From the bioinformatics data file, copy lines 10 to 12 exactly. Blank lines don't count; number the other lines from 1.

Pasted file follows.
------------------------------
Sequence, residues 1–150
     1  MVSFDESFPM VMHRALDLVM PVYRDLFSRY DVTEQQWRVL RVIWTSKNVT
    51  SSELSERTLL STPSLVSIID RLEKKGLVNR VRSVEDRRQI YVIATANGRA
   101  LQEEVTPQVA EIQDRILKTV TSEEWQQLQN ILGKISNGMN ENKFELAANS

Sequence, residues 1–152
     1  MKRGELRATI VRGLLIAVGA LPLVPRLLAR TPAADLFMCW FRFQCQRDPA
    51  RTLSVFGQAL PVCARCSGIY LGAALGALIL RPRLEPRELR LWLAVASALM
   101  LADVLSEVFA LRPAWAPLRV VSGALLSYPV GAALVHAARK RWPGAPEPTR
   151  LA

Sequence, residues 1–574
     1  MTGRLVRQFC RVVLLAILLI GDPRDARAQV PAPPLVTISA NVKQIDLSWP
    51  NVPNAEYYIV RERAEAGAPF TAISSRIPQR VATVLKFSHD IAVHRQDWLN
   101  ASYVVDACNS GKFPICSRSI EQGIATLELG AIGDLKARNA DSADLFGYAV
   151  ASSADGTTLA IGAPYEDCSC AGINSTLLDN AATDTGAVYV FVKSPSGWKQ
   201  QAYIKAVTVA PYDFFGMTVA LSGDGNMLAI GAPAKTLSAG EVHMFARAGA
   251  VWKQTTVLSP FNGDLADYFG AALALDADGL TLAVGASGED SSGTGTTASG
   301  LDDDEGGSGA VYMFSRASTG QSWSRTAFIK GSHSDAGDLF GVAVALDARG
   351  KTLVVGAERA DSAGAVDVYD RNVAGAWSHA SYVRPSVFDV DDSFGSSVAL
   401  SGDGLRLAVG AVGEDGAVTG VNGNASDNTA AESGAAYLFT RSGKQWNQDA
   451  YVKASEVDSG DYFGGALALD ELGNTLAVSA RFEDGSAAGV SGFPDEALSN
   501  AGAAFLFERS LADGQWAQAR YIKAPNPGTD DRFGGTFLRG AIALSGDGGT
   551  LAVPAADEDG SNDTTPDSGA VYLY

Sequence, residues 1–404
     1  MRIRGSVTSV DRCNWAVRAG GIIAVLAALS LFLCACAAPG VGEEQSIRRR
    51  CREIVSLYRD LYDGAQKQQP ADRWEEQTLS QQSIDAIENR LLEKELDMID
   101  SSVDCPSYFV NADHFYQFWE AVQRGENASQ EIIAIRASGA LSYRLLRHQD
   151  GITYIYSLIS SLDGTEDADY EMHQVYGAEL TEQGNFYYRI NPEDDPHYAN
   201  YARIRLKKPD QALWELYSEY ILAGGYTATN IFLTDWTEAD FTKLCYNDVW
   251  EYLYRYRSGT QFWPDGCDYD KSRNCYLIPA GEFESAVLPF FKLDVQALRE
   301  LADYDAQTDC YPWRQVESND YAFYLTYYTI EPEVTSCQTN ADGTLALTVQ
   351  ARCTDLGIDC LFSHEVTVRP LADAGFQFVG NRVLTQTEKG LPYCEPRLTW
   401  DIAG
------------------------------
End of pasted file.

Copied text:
Sequence, residues 1–574
     1  MTGRLVRQFC RVVLLAILLI GDPRDARAQV PAPPLVTISA NVKQIDLSWP
    51  NVPNAEYYIV RERAEAGAPF TAISSRIPQR VATVLKFSHD IAVHRQDWLN